My cat is more of a ‘meower’ when he wants to eat…Or, maybe he tried the ‘purring’ approach for awhile and we never listened.

http://www.theglobeandmail.com/video/will-purr-for-food/article1218913/

July 15, 2009 at 4:11 pm Leave a comment

Puppies Puppies Puppies!

For the last few weeks, we’ve had some extra staff at Contech–two new additions to make us smile, laugh, and keep our cortisol levels down. Maralyn, our resident Golden Retriever breeder (who also keeps our books straight) has been bringing her puppies, Violet and Christopher Robin, to work. We love having them here each day, and have enjoyed watching them grow up! We thought you might like to watch them grow up too.

Click a photo to view a Smilebox presentation:

At 10 days.

At 10 days.

At 2 weeks.

At 2 weeks.

At 3 1/2 weeks.

At 3 1/2 weeks.

At 4 weeks.

At 4 weeks.

At 5 weeks.

At 5 weeks.

At 7 weeks.

At 7 weeks.

At 8 weeks and going home!

At 8 weeks and going home!

July 9, 2009 at 9:12 pm 1 comment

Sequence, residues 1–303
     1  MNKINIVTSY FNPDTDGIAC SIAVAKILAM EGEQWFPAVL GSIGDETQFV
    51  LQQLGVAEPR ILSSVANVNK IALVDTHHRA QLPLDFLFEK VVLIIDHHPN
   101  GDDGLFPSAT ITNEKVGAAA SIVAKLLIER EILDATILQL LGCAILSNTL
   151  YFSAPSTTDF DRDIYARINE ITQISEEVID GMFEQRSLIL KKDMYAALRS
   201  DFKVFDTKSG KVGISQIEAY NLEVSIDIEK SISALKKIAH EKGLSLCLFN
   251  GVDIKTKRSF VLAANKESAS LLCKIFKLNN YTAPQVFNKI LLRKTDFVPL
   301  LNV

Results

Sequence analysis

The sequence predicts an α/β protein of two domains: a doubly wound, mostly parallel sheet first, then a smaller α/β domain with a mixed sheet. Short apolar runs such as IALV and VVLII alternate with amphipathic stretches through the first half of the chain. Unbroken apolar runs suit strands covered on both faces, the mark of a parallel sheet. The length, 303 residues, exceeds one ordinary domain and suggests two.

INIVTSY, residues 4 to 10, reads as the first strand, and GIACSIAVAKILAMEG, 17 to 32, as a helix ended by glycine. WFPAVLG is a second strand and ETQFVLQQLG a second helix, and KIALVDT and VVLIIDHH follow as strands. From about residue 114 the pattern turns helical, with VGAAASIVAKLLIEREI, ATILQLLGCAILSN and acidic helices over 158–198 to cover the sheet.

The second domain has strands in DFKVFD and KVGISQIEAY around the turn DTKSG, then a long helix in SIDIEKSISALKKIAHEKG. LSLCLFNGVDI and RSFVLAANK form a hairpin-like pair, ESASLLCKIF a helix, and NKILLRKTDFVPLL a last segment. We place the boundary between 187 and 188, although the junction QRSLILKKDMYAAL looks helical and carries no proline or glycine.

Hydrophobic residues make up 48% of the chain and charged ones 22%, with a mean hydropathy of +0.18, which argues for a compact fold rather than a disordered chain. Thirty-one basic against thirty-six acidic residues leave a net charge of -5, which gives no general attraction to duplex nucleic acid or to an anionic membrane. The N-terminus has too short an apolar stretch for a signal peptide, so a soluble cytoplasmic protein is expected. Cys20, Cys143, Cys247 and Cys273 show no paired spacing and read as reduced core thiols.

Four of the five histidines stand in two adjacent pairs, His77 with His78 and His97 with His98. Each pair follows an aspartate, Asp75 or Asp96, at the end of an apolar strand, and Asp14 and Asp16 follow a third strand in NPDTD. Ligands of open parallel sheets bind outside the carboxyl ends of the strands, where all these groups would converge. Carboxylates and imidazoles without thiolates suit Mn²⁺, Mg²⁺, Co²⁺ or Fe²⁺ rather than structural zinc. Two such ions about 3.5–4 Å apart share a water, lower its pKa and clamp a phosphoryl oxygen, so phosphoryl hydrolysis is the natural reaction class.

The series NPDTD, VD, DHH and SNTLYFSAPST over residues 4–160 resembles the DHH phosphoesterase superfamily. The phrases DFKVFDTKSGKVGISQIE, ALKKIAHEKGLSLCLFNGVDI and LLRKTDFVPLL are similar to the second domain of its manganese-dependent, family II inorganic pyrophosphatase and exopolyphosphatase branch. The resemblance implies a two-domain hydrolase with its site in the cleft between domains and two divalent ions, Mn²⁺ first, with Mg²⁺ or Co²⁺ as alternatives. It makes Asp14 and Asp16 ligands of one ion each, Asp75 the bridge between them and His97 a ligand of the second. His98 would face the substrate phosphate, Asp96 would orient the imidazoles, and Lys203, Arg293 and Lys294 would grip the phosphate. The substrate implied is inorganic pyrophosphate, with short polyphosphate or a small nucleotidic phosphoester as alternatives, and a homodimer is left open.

The Story of Everet – Part I

2It began with an advertisement on the Telus employee site, looking for a nice home for a beautiful dog. The advertisement continued to read “he was found on the side of a road and may have been hit by a vehicle. If a home isn’t found, the SPCA will have to put him down”.

Devastated, I received an urgent phone call at work and an e-mail with a picture of this very big but beautiful dog. “Francesca, we have to go see him…” the phone call was a typical back and forth about how much responsibility it is to own a dog, costs associated with owning a dog, and owning a vehicle big enough for a Great Pyrenees. At the time, we were proudly equipped with a 1999 Ford Festiva.